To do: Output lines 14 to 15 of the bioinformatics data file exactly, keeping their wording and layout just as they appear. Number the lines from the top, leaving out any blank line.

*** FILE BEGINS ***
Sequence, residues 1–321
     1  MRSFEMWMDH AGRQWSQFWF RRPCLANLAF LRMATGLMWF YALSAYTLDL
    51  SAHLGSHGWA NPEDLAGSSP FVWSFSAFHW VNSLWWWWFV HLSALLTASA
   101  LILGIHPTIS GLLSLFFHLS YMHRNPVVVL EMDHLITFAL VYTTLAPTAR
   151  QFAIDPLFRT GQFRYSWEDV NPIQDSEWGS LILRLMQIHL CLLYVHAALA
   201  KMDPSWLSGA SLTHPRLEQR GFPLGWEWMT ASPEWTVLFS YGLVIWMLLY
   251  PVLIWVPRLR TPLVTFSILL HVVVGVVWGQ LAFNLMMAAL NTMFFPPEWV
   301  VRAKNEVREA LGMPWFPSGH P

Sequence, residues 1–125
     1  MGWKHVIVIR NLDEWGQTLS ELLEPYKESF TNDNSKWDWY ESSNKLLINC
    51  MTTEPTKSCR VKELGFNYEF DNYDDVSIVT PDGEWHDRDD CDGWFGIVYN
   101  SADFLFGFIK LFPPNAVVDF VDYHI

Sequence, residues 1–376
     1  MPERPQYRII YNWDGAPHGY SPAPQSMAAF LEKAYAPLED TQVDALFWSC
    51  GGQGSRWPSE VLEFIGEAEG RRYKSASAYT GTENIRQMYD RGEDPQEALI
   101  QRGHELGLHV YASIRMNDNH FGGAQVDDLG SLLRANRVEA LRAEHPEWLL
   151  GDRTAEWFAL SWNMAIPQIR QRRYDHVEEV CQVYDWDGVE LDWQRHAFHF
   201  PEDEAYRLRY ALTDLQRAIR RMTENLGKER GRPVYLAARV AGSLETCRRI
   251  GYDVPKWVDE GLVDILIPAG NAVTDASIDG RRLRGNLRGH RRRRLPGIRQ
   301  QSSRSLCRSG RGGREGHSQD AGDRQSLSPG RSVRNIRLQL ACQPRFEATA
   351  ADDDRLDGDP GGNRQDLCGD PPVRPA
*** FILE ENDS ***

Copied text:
     1  MPERPQYRII YNWDGAPHGY SPAPQSMAAF LEKAYAPLED TQVDALFWSC
    51  GGQGSRWPSE VLEFIGEAEG RRYKSASAYT GTENIRQMYD RGEDPQEALI